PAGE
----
The Rite of Appalachian Spring

Today is the 100th anniversary of Stravinsky’s ballet “The Rite of Spring.”

October 30, 2044 is the 100th anniversary of Copland’s ballet “Appalachian Spring.”

I’m glad that musical genius Michael Monroe didn’t make us wait 31 years to combine them into one beautiful, brilliant spring mashup:

On the Air This Week

Highlights from May 28 to June 4

Tuesday, 8 pm: Saint Paul Chamber Orchestra: From 1986, Dawn Upshaw’s first performance with the Orchestra, including Barber’s Knoxville: Summer of 1915.

Wednesday, noon hour: Music with Minnesotans; Artist Dick Green.

Thursday, 3 pm hour: Regional Spotlight: The Choral Arts Ensemble from Rochester, led by Rick Kvam.

Friday, 8 pm: Minnesota Orchestra: Osmo Vänskä leads music of Richard Strauss and Mahler (last concert of broadcast season).

Sunday, 6 am: Pipedreams: Pipedreams Live! Rochester, Part 2 (encore).

Sunday, noon: From the Top.

Sunday, 1 pm: SymphonyCast: An all-Beethoven concert with the Boston Symphony Orchestra.

Sunday, 5 pm: Regarding Broadway: Part 1: Cohan to Merman.

Thinking of Dawn Upshaw

It breaks my heart that Dawn Upshaw’s six-year artistic partnership with the Saint Paul Chamber Orchestra is drawing to a close this weekend.

Dawn Upshaw is one of my favorite living musicians human beings.

She has an admirable dedication to new classical works, and premiered six new pieces with the SPCO during her tenure there. Ms. Upshaw also happens to have one of the most beautiful soprano voices you’ll hear (my personal favorite).

If you’re unfamiliar with her voice and work, here are some more wonderful ways to hear her sing:

One of her most famous recordings is of Henryk Gorecki’s Symphony No. 3 with David Zinman and the London Sinfonietta. It nearly stops my heart each time I listen.

Anything she recorded by Osvaldo Golijov.

This entire Schubert record with another favorite, Richard Goode.

She sang (in the final movement of) Mahler’s 4th Symphony with the Cleveland Orchestra and Christoph von Dohnanyi.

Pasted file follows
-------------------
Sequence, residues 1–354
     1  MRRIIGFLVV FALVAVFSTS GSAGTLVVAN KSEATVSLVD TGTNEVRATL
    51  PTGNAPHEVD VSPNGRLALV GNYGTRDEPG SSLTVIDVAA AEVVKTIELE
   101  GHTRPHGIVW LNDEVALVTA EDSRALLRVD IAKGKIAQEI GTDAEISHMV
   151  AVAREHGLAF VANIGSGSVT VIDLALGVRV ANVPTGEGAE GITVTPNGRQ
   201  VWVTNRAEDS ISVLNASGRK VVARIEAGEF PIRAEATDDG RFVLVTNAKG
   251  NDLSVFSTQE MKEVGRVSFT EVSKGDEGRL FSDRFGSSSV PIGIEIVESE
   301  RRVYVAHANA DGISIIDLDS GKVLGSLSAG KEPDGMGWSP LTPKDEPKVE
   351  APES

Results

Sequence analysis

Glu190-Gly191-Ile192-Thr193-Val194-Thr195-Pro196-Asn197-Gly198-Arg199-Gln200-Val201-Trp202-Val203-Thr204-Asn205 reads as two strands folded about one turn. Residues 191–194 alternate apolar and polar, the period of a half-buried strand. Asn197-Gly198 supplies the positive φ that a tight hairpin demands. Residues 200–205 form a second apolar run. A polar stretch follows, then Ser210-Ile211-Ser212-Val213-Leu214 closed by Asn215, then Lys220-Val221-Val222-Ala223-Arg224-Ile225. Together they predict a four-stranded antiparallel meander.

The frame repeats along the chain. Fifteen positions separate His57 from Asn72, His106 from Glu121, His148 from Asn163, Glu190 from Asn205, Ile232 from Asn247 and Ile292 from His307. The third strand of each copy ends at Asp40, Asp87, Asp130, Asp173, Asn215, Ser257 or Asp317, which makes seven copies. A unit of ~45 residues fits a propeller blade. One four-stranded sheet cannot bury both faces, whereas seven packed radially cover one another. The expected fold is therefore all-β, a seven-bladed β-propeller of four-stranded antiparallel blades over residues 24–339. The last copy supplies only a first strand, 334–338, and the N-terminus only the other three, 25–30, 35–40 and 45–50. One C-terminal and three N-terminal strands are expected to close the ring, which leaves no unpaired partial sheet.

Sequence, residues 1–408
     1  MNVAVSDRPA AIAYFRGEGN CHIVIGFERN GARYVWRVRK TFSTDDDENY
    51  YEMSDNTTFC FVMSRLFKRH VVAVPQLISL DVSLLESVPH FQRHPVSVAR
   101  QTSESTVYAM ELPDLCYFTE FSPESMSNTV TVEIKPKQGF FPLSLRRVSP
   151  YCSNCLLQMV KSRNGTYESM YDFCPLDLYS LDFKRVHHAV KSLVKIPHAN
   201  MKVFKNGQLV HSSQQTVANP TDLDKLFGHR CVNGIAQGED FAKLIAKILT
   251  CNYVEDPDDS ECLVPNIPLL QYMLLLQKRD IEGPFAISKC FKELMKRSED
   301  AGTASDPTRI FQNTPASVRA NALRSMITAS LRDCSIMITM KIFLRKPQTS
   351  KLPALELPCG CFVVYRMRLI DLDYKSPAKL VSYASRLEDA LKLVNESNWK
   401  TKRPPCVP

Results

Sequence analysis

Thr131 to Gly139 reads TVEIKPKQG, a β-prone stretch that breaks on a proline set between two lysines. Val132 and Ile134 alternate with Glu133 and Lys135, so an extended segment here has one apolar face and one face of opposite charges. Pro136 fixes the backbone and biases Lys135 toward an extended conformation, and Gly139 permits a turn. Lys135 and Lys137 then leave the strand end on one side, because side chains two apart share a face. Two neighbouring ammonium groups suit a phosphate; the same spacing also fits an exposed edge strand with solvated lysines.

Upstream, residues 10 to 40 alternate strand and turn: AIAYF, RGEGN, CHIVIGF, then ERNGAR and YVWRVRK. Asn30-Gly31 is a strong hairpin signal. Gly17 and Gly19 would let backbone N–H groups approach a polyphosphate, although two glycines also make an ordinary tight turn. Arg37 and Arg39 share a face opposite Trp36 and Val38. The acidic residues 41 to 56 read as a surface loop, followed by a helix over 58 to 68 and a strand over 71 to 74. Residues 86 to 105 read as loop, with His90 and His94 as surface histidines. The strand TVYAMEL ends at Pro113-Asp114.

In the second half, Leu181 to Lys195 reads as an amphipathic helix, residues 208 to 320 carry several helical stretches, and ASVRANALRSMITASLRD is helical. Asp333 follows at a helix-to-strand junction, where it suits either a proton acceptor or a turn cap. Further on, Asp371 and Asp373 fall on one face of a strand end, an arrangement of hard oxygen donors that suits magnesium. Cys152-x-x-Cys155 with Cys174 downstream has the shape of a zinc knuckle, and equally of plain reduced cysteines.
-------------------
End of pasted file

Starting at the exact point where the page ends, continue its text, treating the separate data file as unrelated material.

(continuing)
If you prefer something older, check out this, where she sings Purcell and Bach.

One of the most impressive aspects of Dawn Upshaw is her versatility. Schubert, Bach, Mahler, Crumb, Schoenberg, Purcell, Haydn, etc.

And of course, Maria Schneider.

If you want to catch her before she’s finished with her SPCO collaboration, you’d better grab tickets to one of the three shows scheduled this weekend in various community venues around the TC.

And, Ms. Upshaw, thank you for being a part of our community. Thank you for singing for us. Thank you for bringing us new music, and thank you in advance for the many times I hope you’ll return.

On the Air This Week

Highlights from May 21 to 28

Wednesday, noon hour: Music with Minnesotans: Kelly Carter and Tricia Morgan-Brist of ACME (Advocates of Community through Musical Excellence).

Thursday, 3 pm hour: Regional Spotlight: The NDSU Concert Choir and Wind Symphony in Jocelyn Hagen’s Swimming into Winter.

Friday, 8 pm: Minnesota Orchestra: Appalachian Spring and Carmina Burana, with the Minnesota Chorale, Minnesota Boychoir, and soloists.

Sunday, 6 am: Pipedreams: Pipedreams Live! Rochester, Part 1 (encore).

Sunday, noon: From the Top.

Sunday, 1 pm: SymphonyCast: The Saint Paul Chamber Orchestra plays Shostakovich, Prokofiev,and Korngold.

Monday, 8 pm: Café Europa: Dan Chouinard and guests, in stories and songs of a trip through Europe which follows the path of American troops in WWII.

Tuesday, 8 pm: Saint Paul Chamber Orchestra: From 1986, Dawn Upshaw’s first performance with the Orchestra, including Barber’s Knoxville: Summer of 1915.

Beethoven for iPad or iPhone

Ludwig van Beethoven

Certainly one of the most addicting apps I’ve downloaded in quite some time, Touch Press’s “Beethoven’s 9th Symphony” will make you fall in love with Beethoven all over again.

Commissioned by pianist David Owen Norris, the app features four recordings of Beethoven’s 9th Symphony, all from the Deutsche Grammophon label. You can hear the Berlin Philharmonic in 1958 led by Ferenc Fricsay’s, or Herbert von Karajan’s 1962 one with the same orchestra. Leonard Bernstein’s 1979 recording with the Vienna Philharmonic includes video of the performance, and John Eliot Gardiner rounds out the four with the recording made in 1992 by the Revolutionary and Romantic Orchestra.

When you press play, you have some options. You can watch the score scroll by in real time, and touch a different conductor’s name to hear their version. The switch happens instantly (a little shocking since Gardiner’s orchestra is tuned a half-step lower), making comparisons easy.

If you don’t read music well, but appreciate the idea of it being presented similarly to a score, you can instead listen to the recordings while viewing a simplified score. Rather than notes and rhythms, the music appears as colored blocks.